It seems that in 2011 you cannot avoid mention of the Cloud. It is the latest fashionable development in IT and all the large manufacturers have been quick to jump onto this bandwagon. Most of the major IT companies now offer a Cloud services solution, but how many of us know and understand what is behind the hype?
What is the Cloud
At its most basic level, the Cloud is a collection of computer systems which appear as one entity to you, irrespective of locations. Most of the big Cloud computing services offer seamless access to a computing platform that uses multiple datacentres. These datacentres are often miles apart and can even be in different countries and even different continents.
The customer usually pays for the service that it uses, often in terms of processor or memory usage. Applications run on virtual machines that are independent of a physical host server, so can move quickly to other hardware or even another datacentre in the event of a problem.
The benefits it provides
Cloud services aim to allow customers to rapidly increase or decrease their computer usage, and hence costs, with demand. Many businesses, particularly in the retail sector, have significantly more computing demands at certain times of the year. To meet these demands, a company would need to have lots of computer power sat idle for most of the year or bring in computers for a short time.
Cloud services allow companies to leverage the vast computing power available from the suppliers but only pay for what they use. At times when demand increases, the Cloud services supplier allows customers to meet that demand but use less for the rest of the year.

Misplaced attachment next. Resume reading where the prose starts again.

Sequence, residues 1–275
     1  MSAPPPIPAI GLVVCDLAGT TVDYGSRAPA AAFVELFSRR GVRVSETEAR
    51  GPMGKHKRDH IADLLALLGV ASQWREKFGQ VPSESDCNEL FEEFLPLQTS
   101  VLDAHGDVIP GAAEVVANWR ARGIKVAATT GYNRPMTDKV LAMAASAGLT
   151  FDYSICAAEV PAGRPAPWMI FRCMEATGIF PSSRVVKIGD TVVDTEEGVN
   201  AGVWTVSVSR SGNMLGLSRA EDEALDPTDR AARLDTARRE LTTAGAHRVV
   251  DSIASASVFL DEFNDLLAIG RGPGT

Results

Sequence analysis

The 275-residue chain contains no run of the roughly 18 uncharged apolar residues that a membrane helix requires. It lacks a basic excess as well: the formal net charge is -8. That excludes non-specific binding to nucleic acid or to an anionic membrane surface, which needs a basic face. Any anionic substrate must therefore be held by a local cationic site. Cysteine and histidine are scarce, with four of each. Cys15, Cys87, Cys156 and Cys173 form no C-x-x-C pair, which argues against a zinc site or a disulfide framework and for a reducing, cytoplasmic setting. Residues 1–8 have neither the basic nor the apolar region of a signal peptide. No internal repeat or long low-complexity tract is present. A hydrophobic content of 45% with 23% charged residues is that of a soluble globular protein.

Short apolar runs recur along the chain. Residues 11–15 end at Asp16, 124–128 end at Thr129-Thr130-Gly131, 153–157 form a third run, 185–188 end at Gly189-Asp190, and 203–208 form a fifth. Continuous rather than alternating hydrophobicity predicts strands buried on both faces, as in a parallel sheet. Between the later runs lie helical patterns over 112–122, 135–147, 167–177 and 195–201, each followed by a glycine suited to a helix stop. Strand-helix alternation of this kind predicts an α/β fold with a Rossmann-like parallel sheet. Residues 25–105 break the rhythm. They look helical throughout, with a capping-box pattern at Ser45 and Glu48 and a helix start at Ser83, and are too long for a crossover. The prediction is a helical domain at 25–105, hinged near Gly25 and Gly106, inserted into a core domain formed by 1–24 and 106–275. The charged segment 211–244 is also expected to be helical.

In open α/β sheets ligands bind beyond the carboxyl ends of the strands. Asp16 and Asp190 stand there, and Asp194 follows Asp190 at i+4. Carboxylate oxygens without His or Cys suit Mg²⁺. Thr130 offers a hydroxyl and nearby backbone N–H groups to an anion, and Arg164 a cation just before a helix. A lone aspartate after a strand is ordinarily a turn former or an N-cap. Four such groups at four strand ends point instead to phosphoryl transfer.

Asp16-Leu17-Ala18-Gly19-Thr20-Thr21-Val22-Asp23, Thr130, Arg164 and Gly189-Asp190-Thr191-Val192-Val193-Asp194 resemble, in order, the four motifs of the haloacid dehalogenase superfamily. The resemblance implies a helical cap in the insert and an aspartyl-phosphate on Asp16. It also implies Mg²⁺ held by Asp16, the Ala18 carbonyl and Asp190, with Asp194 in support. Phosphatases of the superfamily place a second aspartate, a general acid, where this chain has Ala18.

Private and Public Clouds sip trunks
Not only can you get Cloud services from a public supplier that is available over the internet, but it is also possible to build a private cloud that is only for your company. You could even sell any spare capacity to bring in an extra revenue stream for the business.
Accessing the Cloud
Most companies that use a Cloud services supplier access it over the internet or a leased-line connection to the datacentre. This allows employees and customers to access the Cloud applications from anywhere in the world. However, unlike applications that you install onto your pc or local server, any disruption to your network can prevent access to the applications and stop productivity. This can be avoided by having more than one internet connections to provide resilience – perhaps a landline and a wireless connection for an office. The Cloud services will normally come from more than one datacentre, so if one goes down completely your application and data will still be available.
Many companies are queuing up to host your Cloud-based applications, but you might require technical assistance to migrate your existing infrastructure to the Cloud. The best approach might be to migrate one application or service at a time rather than do everything at the same time.
Backups and other standard datacentre services will be part of the package from the Cloud supplier. Ensure that you check over any contracts to get the level of service you require.
Migrating applications and services to the Cloud will give your resilience and protect your important data and applications without spending vast amounts of money to upgrade your existing infrastructure. The size of these suppliers can bring you additional cost savings and reduce your IT support staff overheads by doing all of the technical work for you.